In Canada, the growing season in much of the PPR is too short for corn production, so winter wheat is being used to make ethanol. This crop, which is usually planted directly into residual stubble and left relatively undisturbed in spring, provides more secure nesting cover for ducks, including pintails. As a result, DU and partners are working with farmers to expand the acreage of winter wheat grown in the PPR.
Ducks may also benefit from the use of “biomass crops” like switchgrass for ethanol production, provided these crops are managed in a way that meets the needs of nesting ducks. The devil is in the details. To benefit waterfowl, biomass crops must be grown near wetlands that attract breeding pairs, harvested after nesting ducks have hatched their broods, and cut high enough during harvest that sufficient residual vegetation is left for nesting birds to use the following spring. DU biologists are presently working with industry leaders to develop “best management practices” for biomass energy crops that will help maximize potential benefits for nesting waterfowl.
Concerns about the Unknown
The impacts other types of energy production will have on waterfowl populations have yet to be determined. Wind power certainly falls in this category. The potential effects of wind farms are likely to be site specific and dependent on the type of technology used. Past research examining bird mortality from small, densely packed wind generators mounted on lattice towers has little relevance to the large, widely spaced wind turbines being built today on the Great Plains. And offshore wind farms that could impact migrating and wintering sea ducks are clearly different than wind-power developments in the heart of the PPR. One thing we do know is that new transmission lines will be needed to move electricity from wind farms to consumers. Ducks and other birds inevitably fly into power lines, so it stands to reason that when more power lines are built, duck mortality will increase. Will that result in population-level effects on waterfowl? The answer depends on how many lines are built and where they are located.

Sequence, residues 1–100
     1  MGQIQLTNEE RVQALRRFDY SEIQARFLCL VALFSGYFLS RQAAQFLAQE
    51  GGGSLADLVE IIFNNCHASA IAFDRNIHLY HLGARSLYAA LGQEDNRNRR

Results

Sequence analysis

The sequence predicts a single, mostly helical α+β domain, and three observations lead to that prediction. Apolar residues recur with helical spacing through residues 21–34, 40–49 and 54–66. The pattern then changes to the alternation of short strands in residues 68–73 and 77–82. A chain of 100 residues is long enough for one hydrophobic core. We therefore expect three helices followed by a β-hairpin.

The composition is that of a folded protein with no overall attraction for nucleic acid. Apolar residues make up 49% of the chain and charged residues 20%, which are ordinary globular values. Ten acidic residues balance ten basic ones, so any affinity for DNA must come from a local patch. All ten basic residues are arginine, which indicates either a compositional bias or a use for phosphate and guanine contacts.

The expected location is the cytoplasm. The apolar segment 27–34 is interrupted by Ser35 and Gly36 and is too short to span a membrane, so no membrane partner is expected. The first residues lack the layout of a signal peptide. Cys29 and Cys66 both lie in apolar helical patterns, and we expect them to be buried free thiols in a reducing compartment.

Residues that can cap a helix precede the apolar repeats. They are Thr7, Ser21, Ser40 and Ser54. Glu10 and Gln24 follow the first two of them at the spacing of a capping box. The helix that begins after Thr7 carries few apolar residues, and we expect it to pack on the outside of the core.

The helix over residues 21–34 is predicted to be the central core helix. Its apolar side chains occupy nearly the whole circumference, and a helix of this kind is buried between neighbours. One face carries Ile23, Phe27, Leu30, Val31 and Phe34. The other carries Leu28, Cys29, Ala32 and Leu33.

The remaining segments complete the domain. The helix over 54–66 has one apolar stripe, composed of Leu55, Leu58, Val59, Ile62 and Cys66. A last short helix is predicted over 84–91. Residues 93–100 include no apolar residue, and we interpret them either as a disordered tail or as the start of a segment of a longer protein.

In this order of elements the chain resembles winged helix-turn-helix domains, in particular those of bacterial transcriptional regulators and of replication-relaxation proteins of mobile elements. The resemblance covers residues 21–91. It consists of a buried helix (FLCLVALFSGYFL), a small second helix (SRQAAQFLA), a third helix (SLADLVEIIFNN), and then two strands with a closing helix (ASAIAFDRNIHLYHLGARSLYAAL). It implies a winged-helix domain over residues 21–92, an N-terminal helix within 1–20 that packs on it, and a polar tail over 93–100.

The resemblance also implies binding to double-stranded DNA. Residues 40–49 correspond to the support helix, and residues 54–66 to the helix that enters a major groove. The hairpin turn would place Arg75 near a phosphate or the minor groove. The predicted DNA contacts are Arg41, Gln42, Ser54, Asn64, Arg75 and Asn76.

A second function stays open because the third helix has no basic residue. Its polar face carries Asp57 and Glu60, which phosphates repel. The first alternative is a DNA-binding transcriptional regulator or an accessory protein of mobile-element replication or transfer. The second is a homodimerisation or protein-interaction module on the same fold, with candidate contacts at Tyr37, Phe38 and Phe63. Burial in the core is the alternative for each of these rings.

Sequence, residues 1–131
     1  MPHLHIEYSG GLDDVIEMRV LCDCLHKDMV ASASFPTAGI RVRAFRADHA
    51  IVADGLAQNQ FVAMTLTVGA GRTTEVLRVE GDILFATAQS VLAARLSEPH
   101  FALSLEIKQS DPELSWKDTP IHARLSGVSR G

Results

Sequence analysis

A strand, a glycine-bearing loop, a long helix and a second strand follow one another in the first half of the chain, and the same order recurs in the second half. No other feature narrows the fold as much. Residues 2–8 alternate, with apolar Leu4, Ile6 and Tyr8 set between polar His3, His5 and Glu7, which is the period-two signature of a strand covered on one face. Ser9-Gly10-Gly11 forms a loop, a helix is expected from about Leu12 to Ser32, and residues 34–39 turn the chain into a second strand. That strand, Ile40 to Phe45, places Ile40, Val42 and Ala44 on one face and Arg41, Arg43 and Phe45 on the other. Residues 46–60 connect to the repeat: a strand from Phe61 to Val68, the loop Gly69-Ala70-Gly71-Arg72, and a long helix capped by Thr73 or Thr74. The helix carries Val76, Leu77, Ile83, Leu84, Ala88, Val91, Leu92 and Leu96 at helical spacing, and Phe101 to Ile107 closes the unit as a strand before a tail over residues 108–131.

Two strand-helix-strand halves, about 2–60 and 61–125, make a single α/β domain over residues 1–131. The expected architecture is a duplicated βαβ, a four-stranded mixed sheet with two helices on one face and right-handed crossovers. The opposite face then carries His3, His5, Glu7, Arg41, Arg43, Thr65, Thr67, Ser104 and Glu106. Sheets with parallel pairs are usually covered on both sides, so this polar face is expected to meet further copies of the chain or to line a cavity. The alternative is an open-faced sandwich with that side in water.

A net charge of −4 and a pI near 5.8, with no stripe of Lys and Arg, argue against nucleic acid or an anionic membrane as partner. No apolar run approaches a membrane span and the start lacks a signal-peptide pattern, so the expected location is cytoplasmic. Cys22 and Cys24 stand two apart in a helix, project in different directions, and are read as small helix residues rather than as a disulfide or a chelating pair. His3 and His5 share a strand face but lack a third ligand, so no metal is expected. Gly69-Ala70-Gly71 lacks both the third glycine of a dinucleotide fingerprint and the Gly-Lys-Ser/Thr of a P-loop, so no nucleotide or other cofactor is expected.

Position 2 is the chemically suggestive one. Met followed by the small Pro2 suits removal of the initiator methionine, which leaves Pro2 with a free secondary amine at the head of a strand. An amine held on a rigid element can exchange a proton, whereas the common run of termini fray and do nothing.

Oil, the single biggest source of the world’s energy, is another issue altogether. New drilling techniques and transportation systems are environmentally safer than ever. But other impacts do occur. In the exploratory phase, seismic lines crisscross sensitive ecosystems like the western boreal forest, fragmenting the landscape and altering wetland hydrology. During the extraction phase, construction of drilling pads and access roads compounds these impacts. And while industry strives to make oil extraction and transport as safe as possible, accidents can still occur. How would a failure of the Trans-Alaska pipeline, now showing its age after 32 years, affect vital duck breeding habitat in the state? Will the environmental footprint of oil facilities on Alaska’s North Slope be enough to displace breeding waterfowl there? And would new offshore drilling result in oil spills that could damage coastal wetlands used by millions of wintering ducks? The answers are unknown, but the risks are real.